United States District Court, E.D. Michigan, Southern Division
OPINION AND ORDER GRANTING DEFENDANTS' MOTION TO
STEPHEN J. MURPHY, III UNITED STATES DISTRICT JUDGE.
Anthony and Kelly McGhee filed the instant
foreclosure-related action in a Michigan Circuit Court.
Defendants removed the case and filed a motion to dismiss.
ECF 4. The Court has reviewed the briefs and finds that oral
argument is unnecessary. See E.D. Mich. LR
7.1(f)(2). For the reasons below, the Court will grant the
motion and dismiss the case.
2003, the McGhees executed a mortgage secured by a home in
Highland Park (the Property). The mortgage was eventually
assigned to Defendant Bank of New York Mellon (the Bank) and
Defendant Ditech serviced the mortgage. ECF 1, PgID 10. The
McGhees apparently defaulted on their mortgage obligations,
so a sheriff's sale was scheduled for December 3, 2015.
Id. But they claim that in November 2015, they
"faxed a completed loan modification application with
supplementary documents to Ditech." Id. They
also claim that Kelly McGhee contacted Ditech and someone
named Anthony told her their documents had been received,
that the modification would be reviewed, and that the sale
was adjourned until January 4, 2016. This was the last they
ever heard from Anthony.
sheriff's sale was held on January 7, 2016, and the Bank
bought the property. ECF 4-1, PgID 52. Later that month,
the McGhees received a letter from Ditech dated January 18,
2016. ECF 1, PgID 15. The letter thanked them for their
"interest in the Home Affordable Modification Program
('HAMP')", noted that they "were evaluated
for mortgage payment assistance" but that they were
ineligible for HAMP because their home had been foreclosed
upon and they were no longer the owners. Id. The
letter went on to explain that their account might be:
referred to foreclosure during this time, or any pending
foreclosure action may continue. However, no foreclosure sale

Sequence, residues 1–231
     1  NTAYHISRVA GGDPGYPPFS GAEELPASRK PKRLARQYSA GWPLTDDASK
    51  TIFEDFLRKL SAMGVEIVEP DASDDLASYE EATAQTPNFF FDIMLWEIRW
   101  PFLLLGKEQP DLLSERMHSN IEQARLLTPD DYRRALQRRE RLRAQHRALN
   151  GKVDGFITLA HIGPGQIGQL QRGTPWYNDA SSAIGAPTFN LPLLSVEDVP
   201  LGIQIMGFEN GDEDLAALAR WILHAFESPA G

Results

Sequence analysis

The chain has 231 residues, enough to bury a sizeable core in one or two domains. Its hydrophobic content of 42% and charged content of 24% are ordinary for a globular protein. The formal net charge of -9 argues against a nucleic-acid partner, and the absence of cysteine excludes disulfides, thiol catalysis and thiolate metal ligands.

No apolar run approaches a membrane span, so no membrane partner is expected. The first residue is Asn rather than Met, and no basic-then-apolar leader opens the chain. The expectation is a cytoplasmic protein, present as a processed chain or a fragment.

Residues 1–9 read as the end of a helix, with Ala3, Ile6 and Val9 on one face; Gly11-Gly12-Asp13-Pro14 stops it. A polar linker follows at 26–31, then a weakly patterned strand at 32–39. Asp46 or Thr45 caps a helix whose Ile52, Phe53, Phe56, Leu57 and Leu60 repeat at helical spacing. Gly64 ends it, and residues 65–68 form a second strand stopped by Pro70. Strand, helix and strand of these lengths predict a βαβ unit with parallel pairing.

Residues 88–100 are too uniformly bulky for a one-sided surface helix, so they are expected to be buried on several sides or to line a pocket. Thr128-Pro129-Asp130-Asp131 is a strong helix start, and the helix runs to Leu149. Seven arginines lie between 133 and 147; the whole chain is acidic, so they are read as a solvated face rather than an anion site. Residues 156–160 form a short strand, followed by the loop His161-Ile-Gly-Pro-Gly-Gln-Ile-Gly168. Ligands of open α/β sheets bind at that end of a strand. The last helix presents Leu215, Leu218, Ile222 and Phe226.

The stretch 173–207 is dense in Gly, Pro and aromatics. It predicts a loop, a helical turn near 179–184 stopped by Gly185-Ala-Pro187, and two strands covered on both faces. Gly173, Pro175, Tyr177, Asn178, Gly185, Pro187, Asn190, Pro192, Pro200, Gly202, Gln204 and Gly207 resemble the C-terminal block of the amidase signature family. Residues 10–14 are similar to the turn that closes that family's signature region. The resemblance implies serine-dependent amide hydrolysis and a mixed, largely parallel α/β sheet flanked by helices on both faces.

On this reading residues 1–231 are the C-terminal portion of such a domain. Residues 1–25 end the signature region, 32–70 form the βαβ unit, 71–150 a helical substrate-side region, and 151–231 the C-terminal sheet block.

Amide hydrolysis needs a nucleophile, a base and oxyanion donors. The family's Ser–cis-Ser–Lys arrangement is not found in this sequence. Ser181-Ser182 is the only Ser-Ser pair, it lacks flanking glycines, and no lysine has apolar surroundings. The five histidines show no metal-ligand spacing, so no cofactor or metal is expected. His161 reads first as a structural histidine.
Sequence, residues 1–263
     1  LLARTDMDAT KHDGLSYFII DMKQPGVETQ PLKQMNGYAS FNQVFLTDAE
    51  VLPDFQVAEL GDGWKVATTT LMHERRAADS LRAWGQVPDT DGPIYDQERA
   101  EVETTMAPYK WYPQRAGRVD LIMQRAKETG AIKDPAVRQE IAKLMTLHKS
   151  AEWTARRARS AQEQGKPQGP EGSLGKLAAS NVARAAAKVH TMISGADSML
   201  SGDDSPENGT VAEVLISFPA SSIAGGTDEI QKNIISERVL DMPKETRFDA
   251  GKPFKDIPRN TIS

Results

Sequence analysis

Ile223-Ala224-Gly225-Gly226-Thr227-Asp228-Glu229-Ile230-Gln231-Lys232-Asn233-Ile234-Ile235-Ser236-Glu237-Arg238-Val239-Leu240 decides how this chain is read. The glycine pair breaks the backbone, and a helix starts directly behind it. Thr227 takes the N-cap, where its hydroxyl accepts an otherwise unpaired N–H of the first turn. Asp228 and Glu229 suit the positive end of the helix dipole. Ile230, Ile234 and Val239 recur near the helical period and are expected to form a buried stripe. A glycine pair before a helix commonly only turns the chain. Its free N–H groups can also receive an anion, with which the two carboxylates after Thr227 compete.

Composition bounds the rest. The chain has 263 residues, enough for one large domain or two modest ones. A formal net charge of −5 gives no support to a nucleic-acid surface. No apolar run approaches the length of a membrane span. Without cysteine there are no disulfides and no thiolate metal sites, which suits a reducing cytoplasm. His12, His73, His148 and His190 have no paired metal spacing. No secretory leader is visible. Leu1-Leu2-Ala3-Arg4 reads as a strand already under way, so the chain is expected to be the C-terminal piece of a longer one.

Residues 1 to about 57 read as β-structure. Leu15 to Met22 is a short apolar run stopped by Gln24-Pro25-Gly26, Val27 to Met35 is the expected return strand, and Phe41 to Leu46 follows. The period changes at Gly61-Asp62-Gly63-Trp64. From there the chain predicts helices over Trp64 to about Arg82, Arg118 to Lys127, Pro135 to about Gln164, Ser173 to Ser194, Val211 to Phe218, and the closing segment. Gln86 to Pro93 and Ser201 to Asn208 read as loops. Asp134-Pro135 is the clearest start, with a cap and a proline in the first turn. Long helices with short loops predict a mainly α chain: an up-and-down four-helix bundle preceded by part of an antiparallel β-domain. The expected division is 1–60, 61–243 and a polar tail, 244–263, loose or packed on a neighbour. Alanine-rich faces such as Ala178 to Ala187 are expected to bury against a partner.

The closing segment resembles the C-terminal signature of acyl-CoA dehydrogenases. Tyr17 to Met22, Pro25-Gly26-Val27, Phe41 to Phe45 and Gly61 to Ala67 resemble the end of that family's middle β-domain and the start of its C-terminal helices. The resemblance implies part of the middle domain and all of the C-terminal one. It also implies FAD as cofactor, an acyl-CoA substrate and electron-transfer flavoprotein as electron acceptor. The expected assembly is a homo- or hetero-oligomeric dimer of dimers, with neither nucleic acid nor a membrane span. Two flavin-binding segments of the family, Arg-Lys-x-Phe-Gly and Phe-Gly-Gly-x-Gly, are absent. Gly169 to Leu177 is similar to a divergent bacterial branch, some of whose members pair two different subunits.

will be conducted and you will not lose your home during this
30-day period or any longer period required for us to review
supplemental material you may provide in response to this
to Michigan law, the statutory redemption period expired on
July 7, 2016. See Mich. Comp. Laws §
600.3240. The McGhees filed their state-court
complaint four months later.
Rule of Civil Procedure 12(b)(6) provides for dismissal of a
complaint for failure to state a claim upon which relief may
be granted. Fed.R.Civ.P. 12(b)(6). The Court may only grant a
12(b)(6) motion to dismiss if the allegations are not
"sufficient 'to raise a right to relief above the
speculative level, ' and to 'state a claim to relief
that is plausible on its face.'" Hensley Mfg. v.
ProPride, Inc., 579 F.3d 603, 609 (6th Cir. 2009)
(quoting Bell Atl. Corp. v. Twombly, 550 U.S. 544,
555, 570 (2007)). In evaluating the motion, the Court
presumes the truth of all well-pled factual assertions.
Bishop v. Lucent Techs. Inc., 520 F.3d 516, 519 (6th
Cir. 2008). Moreover, the Court must draw every reasonable
inference in favor of the non-moving party. Dubay v.
Wells, 506 F.3d 422, 427 (6th Cir. 2007). But a
"pleading that offers 'labels and conclusions'
or 'a formulaic recitation of the elements of a cause of
action will not do.'" Ashcroft v. Iqbal,
556 U.S. 662, 678 (2009) (quoting Twombly, 550 U.S.
McGhees' complaint contains a single count of
"wrongful foreclosure" but the real cause of action
is unclear. The complaint seeks "redress under Michigan
law"; the wrongdoing alleged, however, is predicated on
a violation of federal law. ECF 1, PgID 9, 11-12. Defendants
addressed both avenues for relief in their briefs: they argue
that the McGhees have failed to plead the necessary elements
to set aside the foreclosure under Michigan law, and that
federal law does not authorize the relief they seek. Upon
review, the Court finds that no matter how the Complaint is
construed, it fails to state a claim for which relief may be
Relief Under Michigan Law
by advertisement-like the one at issue here-are governed by
Michigan statute. Conlin v. Mortg. Elec. Registration
Sys., Inc., 714 F.3d 355, 359 (6th Cir. 2013). Michigan
law balances the need to "impose order on the
foreclosure process while still giving security and finality
to purchasers of foreclosed properties." Id. To
that end, it "provides certain steps that the mortgagee
must go through in order to validly foreclose" and
"also controls the rights of both the mortgagee and the
mortgagor once the sale is completed." Id.
(internal citations omitted). Accordingly, a mortgagor has a
fixed period of time to redeem property after a sheriff's
sale. Mich. Comp. Laws § 600.3240(8). But once the
redemption period expires, "all of plaintiff's
rights in and title to the property [are] extinguished."
Overton v. Mortg. Elec. Registration Sys., No.
284950, 2009 WL 1507342, at *1 (Mich. Ct. App. May 28, 2009)
(citing Piotrowski v. State Land Office Bd., 302
Mich. 179, 187 (1942) and Mich. Comp. Laws § 600.3236).
Thus, a plaintiff who fails to timely redeem his or her